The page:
Major Turning Points in Jewish Intellectual History

By Shear, Adam | Shofar, Winter 2006 | Go to article overview

Major Turning Points in Jewish Intellectual History


Shear, Adam, Shofar


Major Turning Points in Jewish Intellectual History, by David Aberbach. Basingstoke, England: Palgrave MacMillan, 2003. 220 pp. $69.00.

In the thematic introduction to his collection of essays, Aberbach lists four major transformations in Judaism: "[1] from idolatry to monotheism ... [2] from biblical to rabbinic Judaism ... [3] increasing absorption of secular learning under medieval Islamic rule ... [4] from being mainly a religious, working class, rural, impoverished, diaspora-based, Yiddish-speaking people, to a secular, middle class people with a reborn Jewish state in which Hebrew was revived spectacularly" (p. ix). The first two essays treat the transformation of ancient Israelite religion from idolatry and monolatry to exclusive monotheism in the period before and after the Babylonian conquest of the kingdom of Judah. The third essay deals with the revolts against Rome, and the fourth is a comparison of tannaitic and stoic teachings. Together these two essays are listed under the rubric "from state to scripture." A third "watershed" is treated by a single essay on "Secular Hebrew Poetry in Muslim Spain 1031-1140." The last four essays of the work deal with modern developments and are loosely correlated with the "cluster of overwhelming changes" described in [4]: the Baal Shem Tov's doctrine of mystical union; Marx and Freud as secular Jewish intellectuals; a survey of"conflicting images of Hebrew in western civilization"; and "Hebrew and Jewish nationalism" in Russia, 1881-1917. Aberbach is an engaging writer who has read widely in the areas that he discusses. The essays contain a number of interesting insights, and Aberbach also offers some fascinating intertextual readings of his primary sources.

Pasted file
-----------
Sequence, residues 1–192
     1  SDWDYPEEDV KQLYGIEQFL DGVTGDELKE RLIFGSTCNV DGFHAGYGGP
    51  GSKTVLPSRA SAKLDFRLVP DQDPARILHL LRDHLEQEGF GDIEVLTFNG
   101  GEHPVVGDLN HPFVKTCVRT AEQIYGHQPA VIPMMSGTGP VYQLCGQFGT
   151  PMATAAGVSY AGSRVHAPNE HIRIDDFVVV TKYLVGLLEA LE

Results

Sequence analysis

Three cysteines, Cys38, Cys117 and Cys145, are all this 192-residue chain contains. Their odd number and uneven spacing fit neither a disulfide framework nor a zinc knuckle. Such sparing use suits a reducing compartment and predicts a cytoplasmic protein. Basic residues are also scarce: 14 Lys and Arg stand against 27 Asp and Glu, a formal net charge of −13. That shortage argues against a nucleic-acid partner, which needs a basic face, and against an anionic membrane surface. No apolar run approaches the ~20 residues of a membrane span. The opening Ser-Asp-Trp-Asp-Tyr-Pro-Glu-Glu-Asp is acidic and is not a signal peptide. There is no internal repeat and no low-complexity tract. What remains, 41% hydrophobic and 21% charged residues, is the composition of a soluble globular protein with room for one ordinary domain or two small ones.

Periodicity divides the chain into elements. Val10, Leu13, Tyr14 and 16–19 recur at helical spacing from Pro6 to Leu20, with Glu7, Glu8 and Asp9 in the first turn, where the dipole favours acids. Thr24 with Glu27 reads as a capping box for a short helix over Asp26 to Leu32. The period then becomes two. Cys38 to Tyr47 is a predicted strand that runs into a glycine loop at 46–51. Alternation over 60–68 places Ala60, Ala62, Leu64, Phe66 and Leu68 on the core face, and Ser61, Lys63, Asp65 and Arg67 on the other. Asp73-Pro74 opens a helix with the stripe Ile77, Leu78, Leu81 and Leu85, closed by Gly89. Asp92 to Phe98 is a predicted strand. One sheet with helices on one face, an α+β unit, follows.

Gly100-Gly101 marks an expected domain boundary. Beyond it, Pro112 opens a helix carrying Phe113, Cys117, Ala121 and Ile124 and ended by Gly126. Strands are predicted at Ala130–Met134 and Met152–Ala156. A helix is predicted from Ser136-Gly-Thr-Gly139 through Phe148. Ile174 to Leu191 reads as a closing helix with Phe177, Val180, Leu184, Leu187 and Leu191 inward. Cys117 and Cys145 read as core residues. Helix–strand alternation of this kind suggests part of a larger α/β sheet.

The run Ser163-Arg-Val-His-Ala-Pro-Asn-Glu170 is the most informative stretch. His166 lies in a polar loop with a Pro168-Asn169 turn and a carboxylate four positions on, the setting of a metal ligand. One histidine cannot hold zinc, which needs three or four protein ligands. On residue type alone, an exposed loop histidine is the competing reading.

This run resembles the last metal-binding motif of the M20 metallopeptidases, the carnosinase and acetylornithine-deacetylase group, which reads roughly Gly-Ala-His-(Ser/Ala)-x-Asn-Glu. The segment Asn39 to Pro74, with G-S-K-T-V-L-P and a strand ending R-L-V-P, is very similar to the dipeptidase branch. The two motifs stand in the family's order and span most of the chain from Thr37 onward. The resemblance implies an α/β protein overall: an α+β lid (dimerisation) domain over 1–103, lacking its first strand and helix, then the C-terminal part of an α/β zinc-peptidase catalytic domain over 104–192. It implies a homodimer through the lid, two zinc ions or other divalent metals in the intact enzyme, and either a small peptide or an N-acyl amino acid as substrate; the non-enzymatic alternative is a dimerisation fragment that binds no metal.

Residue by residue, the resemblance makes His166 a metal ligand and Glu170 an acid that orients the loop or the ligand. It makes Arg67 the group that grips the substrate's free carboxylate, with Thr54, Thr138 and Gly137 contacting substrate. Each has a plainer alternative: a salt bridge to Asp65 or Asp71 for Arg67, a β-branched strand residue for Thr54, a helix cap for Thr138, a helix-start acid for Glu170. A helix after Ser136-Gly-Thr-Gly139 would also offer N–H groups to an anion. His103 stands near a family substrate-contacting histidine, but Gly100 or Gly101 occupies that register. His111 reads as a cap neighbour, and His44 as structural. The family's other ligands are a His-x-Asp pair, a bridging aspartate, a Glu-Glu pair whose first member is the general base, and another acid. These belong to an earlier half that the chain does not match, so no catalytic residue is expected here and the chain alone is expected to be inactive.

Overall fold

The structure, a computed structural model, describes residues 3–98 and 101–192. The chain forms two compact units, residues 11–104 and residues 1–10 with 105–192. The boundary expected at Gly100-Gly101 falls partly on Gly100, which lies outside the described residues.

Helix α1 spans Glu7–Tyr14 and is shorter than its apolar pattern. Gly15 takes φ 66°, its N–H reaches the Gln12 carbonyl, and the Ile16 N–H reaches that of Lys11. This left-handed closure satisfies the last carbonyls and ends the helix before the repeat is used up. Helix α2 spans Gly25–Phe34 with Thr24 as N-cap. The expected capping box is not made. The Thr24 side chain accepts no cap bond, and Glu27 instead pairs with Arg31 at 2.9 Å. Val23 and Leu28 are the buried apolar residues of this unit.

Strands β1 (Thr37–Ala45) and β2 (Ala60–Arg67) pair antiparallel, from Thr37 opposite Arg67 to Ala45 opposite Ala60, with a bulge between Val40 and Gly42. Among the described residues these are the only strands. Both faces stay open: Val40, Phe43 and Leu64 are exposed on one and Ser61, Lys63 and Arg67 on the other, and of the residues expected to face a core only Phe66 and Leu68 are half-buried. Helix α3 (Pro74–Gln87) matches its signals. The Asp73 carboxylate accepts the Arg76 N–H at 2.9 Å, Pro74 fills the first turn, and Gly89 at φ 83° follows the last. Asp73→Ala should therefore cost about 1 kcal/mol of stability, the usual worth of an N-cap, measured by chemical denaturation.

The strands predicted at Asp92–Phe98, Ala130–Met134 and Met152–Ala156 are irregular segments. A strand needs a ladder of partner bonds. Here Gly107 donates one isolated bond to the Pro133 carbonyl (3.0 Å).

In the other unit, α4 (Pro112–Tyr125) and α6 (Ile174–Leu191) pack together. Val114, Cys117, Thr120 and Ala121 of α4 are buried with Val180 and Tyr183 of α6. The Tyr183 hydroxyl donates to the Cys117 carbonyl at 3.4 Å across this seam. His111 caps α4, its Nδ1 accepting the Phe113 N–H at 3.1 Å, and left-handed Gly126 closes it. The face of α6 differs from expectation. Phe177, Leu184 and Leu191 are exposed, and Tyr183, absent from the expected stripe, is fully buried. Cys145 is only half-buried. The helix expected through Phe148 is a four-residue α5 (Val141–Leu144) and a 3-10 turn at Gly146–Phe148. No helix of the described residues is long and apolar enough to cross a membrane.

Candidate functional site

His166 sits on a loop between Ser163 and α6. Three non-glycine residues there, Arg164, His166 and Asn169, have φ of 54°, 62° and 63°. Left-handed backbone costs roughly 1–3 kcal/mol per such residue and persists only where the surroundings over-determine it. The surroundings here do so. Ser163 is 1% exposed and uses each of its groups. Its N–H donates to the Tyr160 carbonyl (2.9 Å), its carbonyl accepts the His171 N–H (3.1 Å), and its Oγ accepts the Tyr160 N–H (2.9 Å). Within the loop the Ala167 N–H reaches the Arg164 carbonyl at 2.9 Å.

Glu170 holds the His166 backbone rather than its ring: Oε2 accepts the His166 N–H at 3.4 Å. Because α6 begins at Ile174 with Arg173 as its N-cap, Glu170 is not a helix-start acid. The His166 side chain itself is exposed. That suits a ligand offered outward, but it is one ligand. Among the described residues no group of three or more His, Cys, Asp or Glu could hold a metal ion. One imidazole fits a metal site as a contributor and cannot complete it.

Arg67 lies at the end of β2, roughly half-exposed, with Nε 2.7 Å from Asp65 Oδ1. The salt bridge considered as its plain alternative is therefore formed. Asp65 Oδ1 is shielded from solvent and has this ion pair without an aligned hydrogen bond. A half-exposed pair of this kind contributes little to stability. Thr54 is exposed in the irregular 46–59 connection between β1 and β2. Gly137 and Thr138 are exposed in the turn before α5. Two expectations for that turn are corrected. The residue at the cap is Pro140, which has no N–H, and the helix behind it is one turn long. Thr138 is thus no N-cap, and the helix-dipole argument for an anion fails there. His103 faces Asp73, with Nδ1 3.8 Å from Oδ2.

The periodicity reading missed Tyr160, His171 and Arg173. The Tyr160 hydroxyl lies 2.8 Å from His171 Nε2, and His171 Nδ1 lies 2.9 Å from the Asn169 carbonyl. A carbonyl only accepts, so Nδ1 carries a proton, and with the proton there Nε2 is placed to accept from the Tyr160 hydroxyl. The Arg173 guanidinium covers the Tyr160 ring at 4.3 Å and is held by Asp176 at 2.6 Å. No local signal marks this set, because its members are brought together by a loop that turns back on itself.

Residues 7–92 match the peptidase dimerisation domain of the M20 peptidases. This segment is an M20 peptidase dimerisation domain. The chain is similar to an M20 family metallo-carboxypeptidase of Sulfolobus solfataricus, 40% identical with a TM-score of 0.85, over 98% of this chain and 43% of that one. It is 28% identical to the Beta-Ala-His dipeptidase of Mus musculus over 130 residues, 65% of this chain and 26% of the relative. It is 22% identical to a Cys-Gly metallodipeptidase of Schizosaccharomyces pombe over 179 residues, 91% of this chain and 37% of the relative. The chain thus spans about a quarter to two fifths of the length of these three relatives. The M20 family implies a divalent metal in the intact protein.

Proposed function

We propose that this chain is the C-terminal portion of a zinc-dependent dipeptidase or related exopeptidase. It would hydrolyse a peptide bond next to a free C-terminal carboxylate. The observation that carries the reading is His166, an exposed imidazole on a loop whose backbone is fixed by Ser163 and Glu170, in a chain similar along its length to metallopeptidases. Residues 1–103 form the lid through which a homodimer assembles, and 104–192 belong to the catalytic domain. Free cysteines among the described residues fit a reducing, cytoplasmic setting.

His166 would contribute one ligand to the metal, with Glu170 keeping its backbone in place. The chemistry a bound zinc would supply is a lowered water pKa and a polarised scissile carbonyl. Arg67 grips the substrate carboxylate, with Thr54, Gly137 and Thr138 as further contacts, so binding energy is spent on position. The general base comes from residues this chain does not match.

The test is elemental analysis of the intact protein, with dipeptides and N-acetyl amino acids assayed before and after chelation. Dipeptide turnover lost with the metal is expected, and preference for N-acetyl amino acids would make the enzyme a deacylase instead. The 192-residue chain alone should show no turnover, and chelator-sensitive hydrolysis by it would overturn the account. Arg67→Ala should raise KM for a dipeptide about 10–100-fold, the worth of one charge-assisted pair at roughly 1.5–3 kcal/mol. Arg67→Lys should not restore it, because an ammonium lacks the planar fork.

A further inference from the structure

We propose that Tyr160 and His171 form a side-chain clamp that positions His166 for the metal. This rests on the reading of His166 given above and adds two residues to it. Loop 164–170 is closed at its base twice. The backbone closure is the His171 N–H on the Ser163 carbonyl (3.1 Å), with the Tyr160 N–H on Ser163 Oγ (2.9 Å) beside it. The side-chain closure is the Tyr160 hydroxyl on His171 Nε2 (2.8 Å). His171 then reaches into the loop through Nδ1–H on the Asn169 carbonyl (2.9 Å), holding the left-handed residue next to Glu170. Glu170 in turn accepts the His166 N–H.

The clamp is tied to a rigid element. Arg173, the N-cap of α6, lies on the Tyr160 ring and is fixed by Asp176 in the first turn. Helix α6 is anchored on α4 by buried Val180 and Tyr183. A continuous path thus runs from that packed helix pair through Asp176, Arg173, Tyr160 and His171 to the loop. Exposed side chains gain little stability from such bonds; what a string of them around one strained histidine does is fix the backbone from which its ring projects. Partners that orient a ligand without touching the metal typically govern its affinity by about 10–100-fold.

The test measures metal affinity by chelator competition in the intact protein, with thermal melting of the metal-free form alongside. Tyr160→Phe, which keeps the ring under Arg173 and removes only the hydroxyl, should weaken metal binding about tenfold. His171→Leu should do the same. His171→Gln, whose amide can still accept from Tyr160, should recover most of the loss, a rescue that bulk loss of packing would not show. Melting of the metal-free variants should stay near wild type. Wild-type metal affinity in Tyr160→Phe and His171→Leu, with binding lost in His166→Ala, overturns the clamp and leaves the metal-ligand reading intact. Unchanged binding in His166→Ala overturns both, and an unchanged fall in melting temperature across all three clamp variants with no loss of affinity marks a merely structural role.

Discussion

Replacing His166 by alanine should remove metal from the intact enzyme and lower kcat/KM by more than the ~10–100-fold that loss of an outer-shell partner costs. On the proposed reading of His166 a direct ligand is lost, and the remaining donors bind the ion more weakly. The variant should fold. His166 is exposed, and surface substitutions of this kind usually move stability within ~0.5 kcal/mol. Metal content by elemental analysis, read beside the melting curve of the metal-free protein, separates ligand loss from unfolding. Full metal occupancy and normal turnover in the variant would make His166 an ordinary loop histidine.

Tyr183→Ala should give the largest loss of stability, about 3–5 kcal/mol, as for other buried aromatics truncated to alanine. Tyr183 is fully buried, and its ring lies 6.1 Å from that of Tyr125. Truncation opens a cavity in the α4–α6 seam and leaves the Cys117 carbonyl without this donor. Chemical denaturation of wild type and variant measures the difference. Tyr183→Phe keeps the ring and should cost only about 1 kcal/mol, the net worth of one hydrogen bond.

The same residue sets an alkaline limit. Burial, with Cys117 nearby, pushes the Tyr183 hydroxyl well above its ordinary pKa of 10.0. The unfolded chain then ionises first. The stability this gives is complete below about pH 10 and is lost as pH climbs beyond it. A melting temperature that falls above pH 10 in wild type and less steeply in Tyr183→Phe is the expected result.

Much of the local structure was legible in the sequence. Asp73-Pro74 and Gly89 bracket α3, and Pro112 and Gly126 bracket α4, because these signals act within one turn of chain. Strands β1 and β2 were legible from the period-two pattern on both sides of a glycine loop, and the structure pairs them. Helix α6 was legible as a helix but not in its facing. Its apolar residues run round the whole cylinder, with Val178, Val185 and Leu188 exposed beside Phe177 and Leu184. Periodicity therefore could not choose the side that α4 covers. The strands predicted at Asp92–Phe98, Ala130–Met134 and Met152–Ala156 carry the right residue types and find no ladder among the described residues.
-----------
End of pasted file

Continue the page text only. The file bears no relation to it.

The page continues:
Aberbach does not purport to offer a comprehensive overview or interpretation of Jewish history, but one theme is predominant: the rise, fall, and then rise of Hebrew as a literary language. There is a clear telos here-the emergence of nineteenth- and twentieth-century secular Hebrew belles-lettres as the foundation of a mainly secular Jewish nationalist and revolutionary identity. Unfortunately, this teleological focus leads to a number of problems.

First, it leads to a number of anachronistic readings. This is most evident in the essay on medieval Hebrew poetry in statements like "their poetry certainly suggests all sorts of behavior not normally associated with rabbis" and "Hebrew became for the first time a vehicle for the expression of a way of life alien to traditional Judaism" (p. 96). Although the theme of the "compunctious poet" was a medieval one, that anything in medieval Andalusian Hebrew poetry was contrary to the spirit of religious Judaism is primarily a modern viewpoint. Indeed, Aberbach's notion of"secularism" is itself anachronistic: although this poetry was non-liturgical; it certainly did not betoken a "relatively secular, pluralistic outlook" (p. 76), nor is it apparent that these poets were "liberated for a while from the normal social shackles of being Jewish in the medieval world" (p. 82).

Secondly, Aberbach's framing of his work leads to another sort of problem that emerges in the essays on rabbinic Judaism and on medieval Hebrew poetry. In the introduction, he promises a "comparative approach" centering on the "long, ambiguous relationship between Hebraism and Hellenism" in which "Greek culture has been the primary 'Other' in Jewish life." Although he immediately acknowledges that "Greek culture penetrated late-biblical, rabbinic, and medieval Judaism as well as the Jewish Enlightenment (the Haskalah) and modern Jewish nationalism" (p. ix), the ensuing essays work from an essentialist assumption of a Jewish core and a non-Jewish "outside." Abetbach's vision is not that of a religious traditionalist: the core changes with time, admits outside influences, and is a human production. …

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